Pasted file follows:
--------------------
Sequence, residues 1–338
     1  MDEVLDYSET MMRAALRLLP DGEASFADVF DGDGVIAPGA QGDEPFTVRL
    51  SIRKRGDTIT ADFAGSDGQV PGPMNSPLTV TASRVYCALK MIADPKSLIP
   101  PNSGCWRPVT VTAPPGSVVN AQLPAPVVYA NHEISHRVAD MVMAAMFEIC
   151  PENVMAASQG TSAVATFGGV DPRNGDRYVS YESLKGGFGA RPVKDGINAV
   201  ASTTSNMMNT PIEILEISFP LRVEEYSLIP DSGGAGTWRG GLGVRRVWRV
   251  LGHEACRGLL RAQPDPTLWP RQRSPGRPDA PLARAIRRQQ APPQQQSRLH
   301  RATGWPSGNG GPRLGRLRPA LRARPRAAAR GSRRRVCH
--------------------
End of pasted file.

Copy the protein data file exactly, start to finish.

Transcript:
Sequence, residues 1–338
     1  MDEVLDYSET MMRAALRLLP DGEASFADVF DGDGVIAPGA QGDEPFTVRL
    51  SIRKRGDTIT ADFAGSDGQV PGPMNSPLTV TASRVYCALK MIADPKSLIP
   101  PNSGCWRPVT VTAPPGSVVN AQLPAPVVYA NHEISHRVAD MVMAAMFEIC
   151  PENVMAASQG TSAVATFGGV DPRNGDRYVS YESLKGGFGA RPVKDGINAV
   201  ASTTSNMMNT PIEILEISFP LRVEEYSLIP DSGGAGTWRG GLGVRRVWRV
   251  LGHEACRGLL RAQPDPTLWP RQRSPGRPDA PLARAIRRQQ APPQQQSRLH
   301  RATGWPSGNG GPRLGRLRPA LRARPRAAAR GSRRRVCH